The doctor I’m going to see, who wanted me to have lost weight since our last appointment, is one for whom my weight really is a relevant parameter: we are dealing with blood sugars, hormone levels, and other things that are affected by it. I can’t present her with the results she hoped to see. I have to show up as I am and ask her to treat the patient she has, not the patient she wants. I have to be honest with her, and ask her to ally with me in treating my conditions on the assumption that my weight is not going to go down right now.

I would like her to give me advice about focusing on fitness, with the understanding that I may or may not be able to do as much as she wants. I’d like her to pleased with what I do accomplish, even if it’s only managing to take my meds properly and go on a few walks.

Yeah, and I’d also like a pony.

Some of what I want isn’t going to happen. My longing to be understood and respected by those in the medical profession could be a classic example of going back to that dry well. Even as I long for it, I identify with the doctors themselves and the frustration they must experience when patient after patient sickens or dies for lack of following  a few “simple” instructions. I feel unworthy of their time. I feel unworthy of the medical care I’m privileged to have available. (The fact that they are providing a service for which I’m paying gets lost in this self-recrimination.)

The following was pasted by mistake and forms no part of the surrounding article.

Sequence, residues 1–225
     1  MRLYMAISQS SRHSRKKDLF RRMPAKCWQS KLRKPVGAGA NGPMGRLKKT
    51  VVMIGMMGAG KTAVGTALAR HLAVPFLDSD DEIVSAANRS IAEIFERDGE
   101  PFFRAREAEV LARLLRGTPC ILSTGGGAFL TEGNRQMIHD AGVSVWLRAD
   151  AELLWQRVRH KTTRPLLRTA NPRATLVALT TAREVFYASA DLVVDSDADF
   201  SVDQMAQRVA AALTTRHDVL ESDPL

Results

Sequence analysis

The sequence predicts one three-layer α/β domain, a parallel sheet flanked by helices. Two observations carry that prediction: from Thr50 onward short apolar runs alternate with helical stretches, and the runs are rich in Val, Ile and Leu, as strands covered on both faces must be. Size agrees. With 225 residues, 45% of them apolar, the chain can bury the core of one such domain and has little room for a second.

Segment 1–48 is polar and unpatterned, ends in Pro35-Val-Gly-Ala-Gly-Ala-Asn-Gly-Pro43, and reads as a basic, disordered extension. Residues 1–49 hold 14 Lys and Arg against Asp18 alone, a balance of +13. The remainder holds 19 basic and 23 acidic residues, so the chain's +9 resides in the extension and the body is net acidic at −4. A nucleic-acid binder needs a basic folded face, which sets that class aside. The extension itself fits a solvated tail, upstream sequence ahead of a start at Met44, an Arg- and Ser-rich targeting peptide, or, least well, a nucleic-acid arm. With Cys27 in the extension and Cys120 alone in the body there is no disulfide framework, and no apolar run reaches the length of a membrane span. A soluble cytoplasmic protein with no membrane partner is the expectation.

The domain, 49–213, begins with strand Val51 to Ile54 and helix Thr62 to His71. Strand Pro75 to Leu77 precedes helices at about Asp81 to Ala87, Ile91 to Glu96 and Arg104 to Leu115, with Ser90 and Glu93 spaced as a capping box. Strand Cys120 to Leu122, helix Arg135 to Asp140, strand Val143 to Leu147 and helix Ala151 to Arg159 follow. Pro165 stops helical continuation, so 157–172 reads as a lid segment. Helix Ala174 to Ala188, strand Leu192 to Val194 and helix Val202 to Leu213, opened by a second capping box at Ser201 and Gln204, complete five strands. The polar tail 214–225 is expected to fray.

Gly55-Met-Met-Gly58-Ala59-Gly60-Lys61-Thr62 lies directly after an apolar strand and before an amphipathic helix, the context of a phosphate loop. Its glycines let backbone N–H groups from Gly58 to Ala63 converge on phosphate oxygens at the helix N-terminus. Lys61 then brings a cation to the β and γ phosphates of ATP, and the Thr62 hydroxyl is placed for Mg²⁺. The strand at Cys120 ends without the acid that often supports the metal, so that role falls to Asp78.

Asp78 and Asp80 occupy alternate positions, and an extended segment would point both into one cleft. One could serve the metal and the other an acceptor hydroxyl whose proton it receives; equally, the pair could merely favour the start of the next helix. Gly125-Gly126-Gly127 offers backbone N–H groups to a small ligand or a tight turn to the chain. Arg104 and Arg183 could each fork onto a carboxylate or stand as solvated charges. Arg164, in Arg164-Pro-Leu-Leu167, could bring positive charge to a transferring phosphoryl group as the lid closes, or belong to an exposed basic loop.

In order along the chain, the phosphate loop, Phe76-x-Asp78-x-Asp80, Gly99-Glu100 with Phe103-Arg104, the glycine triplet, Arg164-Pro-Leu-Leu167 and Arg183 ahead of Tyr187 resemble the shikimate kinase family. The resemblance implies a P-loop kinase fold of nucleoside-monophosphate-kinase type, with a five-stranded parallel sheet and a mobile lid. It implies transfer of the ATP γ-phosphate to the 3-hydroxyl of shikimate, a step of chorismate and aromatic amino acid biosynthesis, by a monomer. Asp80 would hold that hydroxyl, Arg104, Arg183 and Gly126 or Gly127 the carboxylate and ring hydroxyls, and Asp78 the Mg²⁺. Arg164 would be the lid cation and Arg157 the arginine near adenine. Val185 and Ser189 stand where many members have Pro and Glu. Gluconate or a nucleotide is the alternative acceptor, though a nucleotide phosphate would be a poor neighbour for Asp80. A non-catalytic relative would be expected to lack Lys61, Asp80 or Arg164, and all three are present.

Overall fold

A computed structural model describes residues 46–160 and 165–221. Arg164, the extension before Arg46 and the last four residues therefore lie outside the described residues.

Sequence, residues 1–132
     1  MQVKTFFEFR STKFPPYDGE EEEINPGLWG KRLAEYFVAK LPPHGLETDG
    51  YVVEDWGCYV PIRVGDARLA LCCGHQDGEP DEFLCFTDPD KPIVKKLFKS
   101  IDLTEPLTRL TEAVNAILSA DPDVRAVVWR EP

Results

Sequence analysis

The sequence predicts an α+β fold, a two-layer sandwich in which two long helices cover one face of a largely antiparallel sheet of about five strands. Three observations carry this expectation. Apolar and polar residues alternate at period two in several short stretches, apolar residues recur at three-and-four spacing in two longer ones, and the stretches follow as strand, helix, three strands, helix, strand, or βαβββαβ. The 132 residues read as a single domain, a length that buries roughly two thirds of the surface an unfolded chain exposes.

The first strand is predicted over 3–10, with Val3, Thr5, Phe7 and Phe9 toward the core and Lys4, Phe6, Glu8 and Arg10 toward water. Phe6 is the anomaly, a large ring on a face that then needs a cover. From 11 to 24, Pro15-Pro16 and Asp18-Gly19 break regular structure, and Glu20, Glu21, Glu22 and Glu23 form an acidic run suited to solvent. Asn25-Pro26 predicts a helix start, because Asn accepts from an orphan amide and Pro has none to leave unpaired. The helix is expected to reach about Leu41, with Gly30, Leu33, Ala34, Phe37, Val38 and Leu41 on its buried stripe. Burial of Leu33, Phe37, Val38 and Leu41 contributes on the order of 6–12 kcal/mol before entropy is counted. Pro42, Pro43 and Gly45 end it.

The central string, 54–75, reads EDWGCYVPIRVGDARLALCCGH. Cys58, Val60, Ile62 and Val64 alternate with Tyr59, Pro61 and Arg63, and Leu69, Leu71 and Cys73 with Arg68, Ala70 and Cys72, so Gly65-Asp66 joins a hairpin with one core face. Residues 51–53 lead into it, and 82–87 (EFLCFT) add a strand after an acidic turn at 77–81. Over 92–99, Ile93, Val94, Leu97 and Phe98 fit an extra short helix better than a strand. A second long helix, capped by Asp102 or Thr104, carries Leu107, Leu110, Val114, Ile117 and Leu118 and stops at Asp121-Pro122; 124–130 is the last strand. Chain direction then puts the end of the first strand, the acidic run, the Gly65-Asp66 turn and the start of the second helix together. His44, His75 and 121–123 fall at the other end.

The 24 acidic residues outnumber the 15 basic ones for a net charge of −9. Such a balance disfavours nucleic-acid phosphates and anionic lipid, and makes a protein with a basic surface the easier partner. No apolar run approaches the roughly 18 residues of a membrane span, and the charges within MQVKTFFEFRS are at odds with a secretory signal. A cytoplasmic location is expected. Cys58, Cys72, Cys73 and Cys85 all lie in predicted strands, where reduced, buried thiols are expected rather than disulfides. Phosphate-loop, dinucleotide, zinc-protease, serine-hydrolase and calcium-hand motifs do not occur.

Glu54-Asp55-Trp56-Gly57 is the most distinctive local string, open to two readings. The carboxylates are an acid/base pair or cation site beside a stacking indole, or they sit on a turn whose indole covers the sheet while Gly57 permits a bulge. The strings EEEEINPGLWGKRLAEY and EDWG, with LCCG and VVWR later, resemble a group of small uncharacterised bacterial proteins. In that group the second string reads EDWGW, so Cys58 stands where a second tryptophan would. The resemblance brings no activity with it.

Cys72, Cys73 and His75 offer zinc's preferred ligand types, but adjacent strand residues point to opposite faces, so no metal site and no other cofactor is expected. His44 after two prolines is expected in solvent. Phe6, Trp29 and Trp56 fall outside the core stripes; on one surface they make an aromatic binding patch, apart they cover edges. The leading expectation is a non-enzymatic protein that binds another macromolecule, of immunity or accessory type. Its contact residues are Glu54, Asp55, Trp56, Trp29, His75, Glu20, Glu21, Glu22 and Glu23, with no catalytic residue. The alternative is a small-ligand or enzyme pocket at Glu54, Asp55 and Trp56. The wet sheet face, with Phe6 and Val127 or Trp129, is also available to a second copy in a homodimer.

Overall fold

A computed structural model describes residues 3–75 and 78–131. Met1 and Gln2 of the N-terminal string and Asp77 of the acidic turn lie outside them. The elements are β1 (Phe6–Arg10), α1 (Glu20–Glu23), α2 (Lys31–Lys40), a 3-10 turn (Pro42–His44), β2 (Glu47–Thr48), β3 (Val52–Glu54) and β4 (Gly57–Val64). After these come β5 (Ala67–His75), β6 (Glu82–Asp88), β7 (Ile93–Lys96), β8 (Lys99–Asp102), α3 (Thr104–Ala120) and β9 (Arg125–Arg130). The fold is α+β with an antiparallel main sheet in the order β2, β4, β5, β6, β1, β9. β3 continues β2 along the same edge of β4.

There’s one thing, however, over which I do have power. That’s the baggage I mentioned above. It’s time for some major unpacking, and the more I think about the topic the clearer and more extreme some of the buried core beliefs are becoming.